David Jonsson has many talents, but self-promotion is not one of them: the man is apparently incapable of taking credit for anything. In Rye Lane, an extremely charming romantic comedy, Jonsson plays a heartbroken young man learning to approach life with a bit more enthusiasm, following a chance meeting with an eternally optimistic woman (Vivian Oparah). When NME compliments him on the film, Jonsson quietly says thank you and then insists its success has little to do with him.
“Vivian is responsible for how good it is, really,” he says. “You don’t have to do anything when you’re in a scene with her.” Just to hammer his point home, he adds that he’s surprised that director Raine Allen Miller even gave him the role. “I’m not a romantic lead,” he shrugs. “That’s just strange.”
Neither of these things are true — he makes a perfectly convincing romantic lead, and it’s the chemistry between him and Oparah that makes the film — but perhaps Jonsson’s extreme self-deprecation can be explained by the fact that all of this is happening quite fast, and he hasn’t really had much time to get used to the idea of being in a movie, let alone leading one. Rye Lane is Jonsson’s first film, and while he only has a handful of TV projects behind him, he’s already lined up a role playing an icon of British sport and the lead in the latest chapter of one of the biggest blockbuster franchises in history. If Jonsson is struggling with the idea of himself as a film star now, he’s going to have to adjust very fast.
If you recognise Jonsson at all (“I don’t think most people do,” he counters) it’s probably from Industry, the BBC/HBO series about a group of young city traders in London grasping for success and losing hold of their humanity. He plays Gus, an entitled Etonian who assumes he’ll one day be prime minister but is disabused of this notion as his arrogance frequently gets him fired (not necessarily a bar to becoming PM, history has shown). Aside from obviously having the same face, it’s almost alarming how little Jonsson resembles Gus. Where Gus is languid, assertive and almost permanently adorned with a snide grin, Jonsson is smiley, shy and a little giggly. He’s not much like Dom, his Rye Lane character who is initially a bit of a drip, either.
Set in Peckham, Rye Lane is one of those one-magical-date romcoms where two attractive, charismatic people are thrust together and, over the course of one day, go from being awkward strangers to something close to love. Think Before Sunrise, but on the streets of south London. We first meet Dom crying in a toilet, heartbroken over the recent end of a relationship. He’s discovered by force-of-nature Yas (Oparah), who has just gone through her own break-up and is determined to show Dom that moping is the worst way to get over it. Dom, always terrified of rocking the boat, ultimately learns how to live life for himself.
“As an actor, you just want to play things that are different and far away from you,” says Jonsson. “Like Gus in Industry is so far away from me… After the first season of Industry I looked at a lot of scripts that were just like Industry, and I [thought]: ‘I don’t want to do that’. Then this was a romantic comedy set in Peckham and I don’t think I’m romantic or comedic in any sense, so it must be a good thing to try. It’s about always trying something different. While I’ve got time to do that, I just want to turn that dial.”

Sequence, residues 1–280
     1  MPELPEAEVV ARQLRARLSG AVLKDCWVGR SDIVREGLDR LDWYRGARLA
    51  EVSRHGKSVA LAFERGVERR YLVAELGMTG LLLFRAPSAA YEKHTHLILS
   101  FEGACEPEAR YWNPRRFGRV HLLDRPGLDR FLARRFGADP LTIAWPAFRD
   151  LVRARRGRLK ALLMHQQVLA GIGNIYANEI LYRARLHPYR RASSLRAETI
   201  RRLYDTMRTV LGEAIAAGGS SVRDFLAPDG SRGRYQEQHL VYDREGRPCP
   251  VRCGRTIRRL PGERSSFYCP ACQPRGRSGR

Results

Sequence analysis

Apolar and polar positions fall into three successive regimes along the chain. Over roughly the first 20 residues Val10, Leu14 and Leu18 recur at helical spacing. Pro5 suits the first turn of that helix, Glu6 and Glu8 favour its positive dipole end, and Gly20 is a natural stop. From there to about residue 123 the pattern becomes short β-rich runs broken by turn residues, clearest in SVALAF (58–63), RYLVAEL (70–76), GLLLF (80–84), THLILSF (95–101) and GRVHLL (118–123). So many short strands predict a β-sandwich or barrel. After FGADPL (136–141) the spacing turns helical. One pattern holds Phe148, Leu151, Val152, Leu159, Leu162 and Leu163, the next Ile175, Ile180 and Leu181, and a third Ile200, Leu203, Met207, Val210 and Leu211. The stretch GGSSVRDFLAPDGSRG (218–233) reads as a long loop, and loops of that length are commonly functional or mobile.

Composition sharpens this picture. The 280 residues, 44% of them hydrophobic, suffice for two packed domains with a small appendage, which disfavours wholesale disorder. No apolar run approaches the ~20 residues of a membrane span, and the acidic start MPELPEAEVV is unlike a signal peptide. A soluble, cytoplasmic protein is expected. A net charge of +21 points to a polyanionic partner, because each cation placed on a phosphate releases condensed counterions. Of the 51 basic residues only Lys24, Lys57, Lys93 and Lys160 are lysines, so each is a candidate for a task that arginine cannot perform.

Viewed together, the two roles already show the breadth of Jonsson’s talent. He’s equally convincing as someone who thinks the world is made for him and someone who thinks he has no place in the world. This combination says this is an actor who could be capable of a great deal. Of course, Jonsson views it a little differently: “I think I’m just a bit weird and strange.”
Jonsson was steeped in a big mix of cinema from a young age. Growing up in Newham, his dad would take him to the cinema most weekends. “We’d watch a load of animation stuff like Finding Nemo, but then the second I looked like I could possibly be over 15, he’d chuck me in the deep end with weirder stuff,” he says. “And I had my older brother and sister at home who’d show me these DVDs they’d pirated, so I’m watching Gaspar Noé and all these strange French films. It was an eclectic learning about film.”
As much as he loved watching movies, becoming an actor was something he hadn’t really thought about until, after getting in trouble too many times, he was expelled from school, and his mum sat him down to ask what he planned to do next. In what he calls “a real cringe moment — so dramatic” he blurted out that he wanted to act, although at that point it was just something he wanted to try, not something he thought would be his life’s work. “I was an introvert as a child, so I don’t think I was like, ‘I want to be an actor!’,” he says. “In that one moment, I don’t know why I said it, but luckily my mum said, ‘OK, all right’.”
Once that decision was made, Jonsson buckled down for years of studying acting. He started at a new school where he could do more drama, then almost as soon as he’d finished his GCSEs he went to New York to study for two years. He returned to London to take up a scholarship at the Royal Academy Of Dramatic Arts (RADA), the acting school that has propagated an endless roster of British stars from Anthony Hopkins to Phoebe Waller-Bridge to Cynthia Erivo. But even after graduating in 2016, he didn’t entirely think acting could become his job: he just really liked doing it.
“It was somewhere around there I thought it could be my profession, but it’s been craft first, profession second,” he says, sounding just a smidge luvvy-ish for a moment. He says he’s never taken a job because it seemed like a good career movie: instead, he’s always gone for things he thought would challenge him. “I think that’s why I’ve [done OK] so far, because I’ve been choosing things rather than falling into them. But we’ll see how long that lasts.”